Reserves are the cornerstone of Optima Global’s business and, whether by exploration or acquisition, reserve replacement is a critical component of sustainable success. Optima Global believes in consistent investment in exploration and acquisitions of properties with early stage potential, which will allow the Company to replace reserves on a timely basis. Much of Optima’s exploration potential lies near existing infrastructure, where the likelihood of reserve replacement is enhanced and the cost of proving up ounces is reduced. A significant portion of Optima’s budget will be spent on studies and exploration in order to continue improving its reserve position.
Ghana is part of the extensive West African Precambrian Shield. Much of south-western Ghana, as well as part of Ivory Coast, Mali and Burkina Faso are underlain by units belonging to the Proterozoic Eburnean tectonic province (1.8 2.0 billion years). These greenstone belts represent Island arc volcanism that has been mildly metamorphosed to lower greenschist facies (A metamorphic schist containing chlorite and epidote (which are green) and formed by low-temperature, low-pressure metamorphism). In Central and Northern Ghana, the Eburnean rocks are covered by flat lying Infracambrian to early Paleozoic sediments (marked by the presence of marine invertebrates, fish, amphibians, insects, and land plants) referred to as Voltaian sequences.
The Eburnian province in Ghana is dominated by three main sequences: the Lower and the Upper Birimian series (2.7 – 2.18 billion years), and the marginally Tarkwaian Series (2.1 – 2.13 billion years). The Lower Birimain Series largely of phyllites, schist’s, (A general term for minerals with a layered crystal structure), Meta greywackes and in places, Meta volcaniclastics. This is dominantly Meta sedimentary series (indicates a mineral species that is a dehydration product of another mineral species or is a polymorph) in conformably overlain and, in part, inter bedded with dominantly Meta volcanic units grouped as the Upper Birimain Series. These Meta volcanic include lavas and pyroclastics, but also contain fine to medium Meta sediments unlike the Lower Birimain units. The greenstone belt differ in some minor from the more familiar `type’ Archaean (A type of rock. Acheozoic rock) examples most notably in the absence of banded iron formations, chert, (Granular cryptocrystalline silica, similar to flint but usually light in colour) pillow lavas and komatites (Magnesium-rich ultramafic volcanic rock of high temperature origin), and by the presence of manganese rich formations. This difference probably reflects a more oxygen rich environment, given equal or similar concentration of availability iron and manganese. Volcanism in the belt is regarded as being both sub-aerial and of mainly a tholeiitic (low alkali) composition.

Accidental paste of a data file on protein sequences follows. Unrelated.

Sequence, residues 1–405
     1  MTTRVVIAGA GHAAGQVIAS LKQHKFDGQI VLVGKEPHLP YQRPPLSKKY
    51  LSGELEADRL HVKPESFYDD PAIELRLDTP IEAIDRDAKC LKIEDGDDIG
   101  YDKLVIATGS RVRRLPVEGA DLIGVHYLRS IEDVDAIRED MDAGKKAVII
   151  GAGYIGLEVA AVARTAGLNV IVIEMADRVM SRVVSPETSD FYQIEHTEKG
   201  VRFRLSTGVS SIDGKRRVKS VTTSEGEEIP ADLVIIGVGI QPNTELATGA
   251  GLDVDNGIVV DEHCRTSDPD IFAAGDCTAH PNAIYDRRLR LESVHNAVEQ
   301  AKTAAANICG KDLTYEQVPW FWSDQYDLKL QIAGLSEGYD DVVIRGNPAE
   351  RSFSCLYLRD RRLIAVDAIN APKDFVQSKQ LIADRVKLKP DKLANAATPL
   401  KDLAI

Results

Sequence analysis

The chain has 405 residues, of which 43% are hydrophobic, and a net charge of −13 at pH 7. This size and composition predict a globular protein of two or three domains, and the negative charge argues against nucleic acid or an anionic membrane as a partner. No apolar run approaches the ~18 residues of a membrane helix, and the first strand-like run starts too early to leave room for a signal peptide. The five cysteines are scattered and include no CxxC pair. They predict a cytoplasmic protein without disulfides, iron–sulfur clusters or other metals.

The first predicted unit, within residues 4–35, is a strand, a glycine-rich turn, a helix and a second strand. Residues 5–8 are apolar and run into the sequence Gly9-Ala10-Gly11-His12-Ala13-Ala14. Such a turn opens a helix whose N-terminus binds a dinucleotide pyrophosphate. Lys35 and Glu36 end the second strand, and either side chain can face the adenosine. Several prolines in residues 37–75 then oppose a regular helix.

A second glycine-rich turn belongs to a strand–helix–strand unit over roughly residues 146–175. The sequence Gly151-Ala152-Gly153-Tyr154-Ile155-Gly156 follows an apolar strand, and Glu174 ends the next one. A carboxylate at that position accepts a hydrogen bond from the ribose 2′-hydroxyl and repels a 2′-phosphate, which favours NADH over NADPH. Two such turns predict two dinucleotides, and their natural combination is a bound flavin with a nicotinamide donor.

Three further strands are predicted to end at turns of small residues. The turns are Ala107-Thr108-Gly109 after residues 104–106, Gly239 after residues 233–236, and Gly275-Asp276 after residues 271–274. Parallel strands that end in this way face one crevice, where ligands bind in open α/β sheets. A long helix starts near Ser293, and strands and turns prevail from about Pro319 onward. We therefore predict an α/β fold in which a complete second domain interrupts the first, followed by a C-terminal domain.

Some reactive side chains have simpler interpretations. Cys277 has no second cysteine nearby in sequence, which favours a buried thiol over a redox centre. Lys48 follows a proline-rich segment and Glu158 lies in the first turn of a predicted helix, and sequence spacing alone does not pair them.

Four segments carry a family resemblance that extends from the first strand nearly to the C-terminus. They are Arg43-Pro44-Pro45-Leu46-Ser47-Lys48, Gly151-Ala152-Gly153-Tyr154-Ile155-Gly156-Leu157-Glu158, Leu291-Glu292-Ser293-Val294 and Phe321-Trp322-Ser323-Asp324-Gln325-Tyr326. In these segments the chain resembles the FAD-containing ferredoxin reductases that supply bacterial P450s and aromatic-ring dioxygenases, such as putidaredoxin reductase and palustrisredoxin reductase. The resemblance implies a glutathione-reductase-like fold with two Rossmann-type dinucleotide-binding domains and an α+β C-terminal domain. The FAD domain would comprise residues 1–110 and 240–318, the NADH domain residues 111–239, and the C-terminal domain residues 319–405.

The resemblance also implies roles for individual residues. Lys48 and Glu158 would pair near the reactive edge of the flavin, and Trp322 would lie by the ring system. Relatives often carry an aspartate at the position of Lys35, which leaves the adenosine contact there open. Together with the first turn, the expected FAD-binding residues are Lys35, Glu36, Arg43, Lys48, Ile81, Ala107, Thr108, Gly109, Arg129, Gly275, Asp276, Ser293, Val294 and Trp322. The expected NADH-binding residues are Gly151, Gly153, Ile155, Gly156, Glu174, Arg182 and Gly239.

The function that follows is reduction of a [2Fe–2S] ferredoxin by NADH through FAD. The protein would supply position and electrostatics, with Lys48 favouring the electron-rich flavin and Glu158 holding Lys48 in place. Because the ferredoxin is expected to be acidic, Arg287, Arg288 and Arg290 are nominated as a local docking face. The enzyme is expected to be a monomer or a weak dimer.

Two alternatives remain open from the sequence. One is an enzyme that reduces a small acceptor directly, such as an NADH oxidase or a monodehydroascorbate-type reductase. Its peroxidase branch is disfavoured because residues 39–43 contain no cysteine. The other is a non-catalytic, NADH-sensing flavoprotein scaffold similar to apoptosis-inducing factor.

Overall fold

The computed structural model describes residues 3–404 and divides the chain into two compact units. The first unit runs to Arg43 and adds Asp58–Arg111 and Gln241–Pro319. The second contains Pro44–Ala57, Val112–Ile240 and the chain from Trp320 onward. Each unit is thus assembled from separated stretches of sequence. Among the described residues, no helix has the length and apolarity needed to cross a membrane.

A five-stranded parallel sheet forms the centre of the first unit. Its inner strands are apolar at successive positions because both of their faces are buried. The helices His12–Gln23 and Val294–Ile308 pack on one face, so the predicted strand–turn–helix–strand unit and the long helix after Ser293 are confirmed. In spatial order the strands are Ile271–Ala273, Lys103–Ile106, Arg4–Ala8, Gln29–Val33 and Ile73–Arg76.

The Birimain is overlain by a thick Tarkwaian sedimentary sequence. These units are largely derived from the Birimian rocks and from a variety of granitoid (Pertaining to or composed of granite) instructions that are widespread among the Birimian units. The greenstone belt and the intervening sedimentary basins were both intruded by massive granites, which can be loosely divided into `belt’ and `basin’ types. The belt-type granites seen to be co-magmatic with the belt volcanic, as suggested by limited radiometric age dating of both types at 2.1 billion years old. There is also radiometric dating evidence indication that most of the hornblende bearing- belt-type granitoids are also older (60-90 million years) than the biotite foliated basin granites (“Black mica," ranging in colour from dark brown to green. Rock-forming ferromagnesian silicate mineral with tetrahedral in sheets) in the Sunyani and the Kumasi Basin. Belt-type granitoids, which are usually smaller bodies but more widespread are believed to be mantle sourced. In contrast, basin-type granitoid generally show narrower compositional ranges that suggest a partial melt from the base of the sedimentary pile (``S-type’’).